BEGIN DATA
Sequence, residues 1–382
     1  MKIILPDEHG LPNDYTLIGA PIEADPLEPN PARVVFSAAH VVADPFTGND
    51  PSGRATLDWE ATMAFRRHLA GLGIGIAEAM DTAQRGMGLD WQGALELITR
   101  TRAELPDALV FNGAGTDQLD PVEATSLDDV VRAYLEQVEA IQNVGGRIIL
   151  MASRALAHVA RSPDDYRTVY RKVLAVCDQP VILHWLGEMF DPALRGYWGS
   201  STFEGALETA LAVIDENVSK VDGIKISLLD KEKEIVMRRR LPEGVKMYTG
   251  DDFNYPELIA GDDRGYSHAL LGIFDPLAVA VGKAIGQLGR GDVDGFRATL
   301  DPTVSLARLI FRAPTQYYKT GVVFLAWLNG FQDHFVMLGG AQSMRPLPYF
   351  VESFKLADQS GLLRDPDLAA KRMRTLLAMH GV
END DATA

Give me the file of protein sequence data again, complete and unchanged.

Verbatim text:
Sequence, residues 1–382
     1  MKIILPDEHG LPNDYTLIGA PIEADPLEPN PARVVFSAAH VVADPFTGND
    51  PSGRATLDWE ATMAFRRHLA GLGIGIAEAM DTAQRGMGLD WQGALELITR
   101  TRAELPDALV FNGAGTDQLD PVEATSLDDV VRAYLEQVEA IQNVGGRIIL
   151  MASRALAHVA RSPDDYRTVY RKVLAVCDQP VILHWLGEMF DPALRGYWGS
   201  STFEGALETA LAVIDENVSK VDGIKISLLD KEKEIVMRRR LPEGVKMYTG
   251  DDFNYPELIA GDDRGYSHAL LGIFDPLAVA VGKAIGQLGR GDVDGFRATL
   301  DPTVSLARLI FRAPTQYYKT GVVFLAWLNG FQDHFVMLGG AQSMRPLPYF
   351  VESFKLADQS GLLRDPDLAA KRMRTLLAMH GV